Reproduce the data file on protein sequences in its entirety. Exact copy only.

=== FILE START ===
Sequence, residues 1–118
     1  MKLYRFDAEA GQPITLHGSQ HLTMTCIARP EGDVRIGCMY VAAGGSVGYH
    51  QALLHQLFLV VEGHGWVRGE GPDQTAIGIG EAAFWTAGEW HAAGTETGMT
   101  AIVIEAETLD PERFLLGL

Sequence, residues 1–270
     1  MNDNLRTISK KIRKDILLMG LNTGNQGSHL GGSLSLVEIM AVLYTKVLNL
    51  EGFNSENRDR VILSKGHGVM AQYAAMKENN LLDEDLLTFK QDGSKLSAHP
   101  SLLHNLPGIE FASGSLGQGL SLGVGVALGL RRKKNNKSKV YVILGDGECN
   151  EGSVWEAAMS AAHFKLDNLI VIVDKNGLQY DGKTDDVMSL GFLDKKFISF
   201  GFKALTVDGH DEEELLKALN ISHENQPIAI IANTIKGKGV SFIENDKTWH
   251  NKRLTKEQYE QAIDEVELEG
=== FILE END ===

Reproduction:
Sequence, residues 1–118
     1  MKLYRFDAEA GQPITLHGSQ HLTMTCIARP EGDVRIGCMY VAAGGSVGYH
    51  QALLHQLFLV VEGHGWVRGE GPDQTAIGIG EAAFWTAGEW HAAGTETGMT
   101  AIVIEAETLD PERFLLGL

Sequence, residues 1–270
     1  MNDNLRTISK KIRKDILLMG LNTGNQGSHL GGSLSLVEIM AVLYTKVLNL
    51  EGFNSENRDR VILSKGHGVM AQYAAMKENN LLDEDLLTFK QDGSKLSAHP
   101  SLLHNLPGIE FASGSLGQGL SLGVGVALGL RRKKNNKSKV YVILGDGECN
   151  EGSVWEAAMS AAHFKLDNLI VIVDKNGLQY DGKTDDVMSL GFLDKKFISF
   201  GFKALTVDGH DEEELLKALN ISHENQPIAI IANTIKGKGV SFIENDKTWH
   251  NKRLTKEQYE QAIDEVELEG